So I’m also supposed to be on the Instagram tour for this, but I don’t have my book copy yet so I’ll share my eARC when I can! In the meantime, thank you so much to the team at Fantastic Flying Book Club for having me on this tour! I was dying to read this one after I preordered, and then when I found out that I got news that I was accepted for the tour, I couldn’t help but be super proud of myself!
I have a mouth, but I mustn’t speak;
Ears, but I mustn’t hear;
Eyes, but I mustn’t see.
1800, Joseon (Korea). Homesick and orphaned sixteen-year-old Seol is living out the ancient curse: “May you live in interesting times.” Indentured to the police bureau, she’s been tasked with assisting a well-respected young inspector with the investigation into the politically charged murder of a noblewoman.
As they delve deeper into the dead woman’s secrets, Seol forms an unlikely bond of friendship with the inspector. But her loyalty is tested when he becomes the prime suspect, and Seol may be the only one capable of discovering what truly happened on the night of the murder.
But in a land where silence and obedience are valued above all else, curiosity can be deadly.
June Hur’s elegant and haunting debut The Silence of Bones is a bloody tale perfect for fans of Kerri Maniscalco and Renée Ahdieh.
JUNE HUR (‘Hur’ as in ‘her’) was born in South Korea and raised in Canada, except for the time when she moved back to Korea and attended high school there. Most of her work is inspired by her journey through life as an individual, a dreamer, and a Christian, with all its confusions, doubts, absurdities and magnificence. She studied History and Literature at the University of Toronto, and currently works for the public library. She lives in Toronto with her husband and daughter.
Her debut novel THE SILENCE OF BONES (Feiwel & Friends/Macmillan, April 2020) is a murder mystery set in Joseon Dynasty Korea (early 1800s), and also a coming-of-age tale about a girl searching for home. It was recently selected by the American Booksellers Association as one of the top debuts of Winter/Spring 2020.
She is represented by Amy Bishop of Dystel, Goderich & Bourret LLC.
Disclaimer: I voluntarily read and reviewed an advanced copy of this book. All thoughts and opinions are my own. Thank you to Fantastic Flying Book Club, Netgalley, and Feiwel & Friends for this free copy. All quotes in this review are taken from the Advanced Reader Copy and may change in final publication.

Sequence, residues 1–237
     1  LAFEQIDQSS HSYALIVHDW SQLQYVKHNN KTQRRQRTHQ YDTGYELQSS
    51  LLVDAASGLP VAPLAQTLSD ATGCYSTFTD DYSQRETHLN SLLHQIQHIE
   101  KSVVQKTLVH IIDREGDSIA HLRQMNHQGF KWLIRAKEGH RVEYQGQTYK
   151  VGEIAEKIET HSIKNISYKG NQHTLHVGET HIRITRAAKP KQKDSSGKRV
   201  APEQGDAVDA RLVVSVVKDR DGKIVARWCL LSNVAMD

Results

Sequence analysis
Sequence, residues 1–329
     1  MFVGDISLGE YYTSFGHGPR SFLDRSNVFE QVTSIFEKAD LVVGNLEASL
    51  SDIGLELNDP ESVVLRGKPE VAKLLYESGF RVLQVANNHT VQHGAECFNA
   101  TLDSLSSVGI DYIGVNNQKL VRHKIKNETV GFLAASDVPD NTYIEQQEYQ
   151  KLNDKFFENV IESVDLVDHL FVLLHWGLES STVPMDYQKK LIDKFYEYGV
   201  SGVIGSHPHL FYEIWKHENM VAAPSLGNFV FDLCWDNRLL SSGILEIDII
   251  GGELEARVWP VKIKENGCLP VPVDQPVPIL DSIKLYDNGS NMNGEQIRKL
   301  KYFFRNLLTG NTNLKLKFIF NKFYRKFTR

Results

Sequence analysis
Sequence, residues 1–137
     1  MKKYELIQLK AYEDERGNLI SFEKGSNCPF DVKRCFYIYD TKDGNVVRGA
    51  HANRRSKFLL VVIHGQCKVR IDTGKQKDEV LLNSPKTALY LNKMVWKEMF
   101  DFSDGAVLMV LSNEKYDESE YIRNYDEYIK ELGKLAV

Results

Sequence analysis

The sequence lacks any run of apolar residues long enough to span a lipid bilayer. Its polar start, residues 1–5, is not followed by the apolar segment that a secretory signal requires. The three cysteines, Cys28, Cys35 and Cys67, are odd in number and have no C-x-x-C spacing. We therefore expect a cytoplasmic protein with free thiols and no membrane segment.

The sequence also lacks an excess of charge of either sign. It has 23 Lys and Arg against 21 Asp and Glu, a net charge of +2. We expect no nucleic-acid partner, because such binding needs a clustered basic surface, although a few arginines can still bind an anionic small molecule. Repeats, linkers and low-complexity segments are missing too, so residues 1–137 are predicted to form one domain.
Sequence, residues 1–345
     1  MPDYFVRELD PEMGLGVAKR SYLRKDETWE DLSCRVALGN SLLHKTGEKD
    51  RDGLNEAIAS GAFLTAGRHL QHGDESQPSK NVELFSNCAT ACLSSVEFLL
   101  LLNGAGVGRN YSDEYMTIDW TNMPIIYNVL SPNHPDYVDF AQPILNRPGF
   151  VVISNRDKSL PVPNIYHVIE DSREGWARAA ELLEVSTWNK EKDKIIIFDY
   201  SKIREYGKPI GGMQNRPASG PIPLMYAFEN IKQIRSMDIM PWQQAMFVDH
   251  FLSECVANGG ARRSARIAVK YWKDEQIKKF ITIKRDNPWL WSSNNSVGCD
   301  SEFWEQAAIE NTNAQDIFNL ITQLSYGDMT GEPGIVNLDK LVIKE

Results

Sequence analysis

Oh my gosh. I think this is one of my favorite novels to date and I’m so glad that I had the opportunity to read this! I don’t think I’ve ever come across a YA Historical Mystery novel set in 1800s Korea before, dealing with the murder of highborn women and having to solve that mystery. I also don’t remember ever coming across a YA historical fiction novel set in 1800s Korea before either, which was such a huge selling point for me. I’m honestly so glad that this ended up being Hur’s debut novel because it was absolutely perfect and brilliant.
During this period, damo are women that work at the police bureau to interact with other women on official capacities – whether they interview female members of the family or move dead women victims from a crime scene to the morgue. Because of the strict laws in Joseon (Korea), men are not allowed to touch women that aren’t directly related to them, which is explained in the novel. In most cases, the damo are women that studied to become palace nurses but didn’t get the test scores to pass. Being a damo is considered a lowly position, and for girls like Seol, it is basically an indentured servant position. However, Seol has such a curious mind and is so inquisitive to the world around her and the workings of what goes on in the police world that getting the opportunity to be involved in certain cases teaches her a lot of things.
In the beginning we are able to see the workings of classism and religion involved in Joseon when we see how the police bureau reacts to the deaths of the common people versus Lady O. We also see the difference in reactions from those that were killed that believed and practiced Catholicism opposed to Buddhism or Confucianism. Since following Western practices were considered illegal, those that were killed that believed in those practices weren’t mourned as much. It makes sense, although it was also really sad to see because they are all still the people of Joseon.
We even see how Seol is able to do what she needs to do, even going as far as to shoot a wild tiger that is almost about to kill Inspector Han when they are on the hunt for a missing suspect in the murder case of Lady O. None of the other male officers even thought to try to help their commanding officer, and that part just really impressed me. Again this really just showed me that women really need way more credit for what they are willing to sacrifice and do because they can get way more ballsy than men twice their size can do.
Ugh I loved this book! I seriously have found my next favorite author and I’m so excited to support more of Hur’s work.
I’m really curious to see what Hur would have picked for her dream cast! I always get curious to see what the author has in mind.
I’m so glad that I was finally able to get all of my reviews up before the due date for today. Usually I’m so late because I’ll fall asleep after not being able to stay up the entire day and just work for as long as I can. But I pushed through and stayed up until past 2am to get this done. I wanted it to be done well. So here it is. Let’s hoping I actually get my Bookending Spring post for today done when it’s supposed to be done.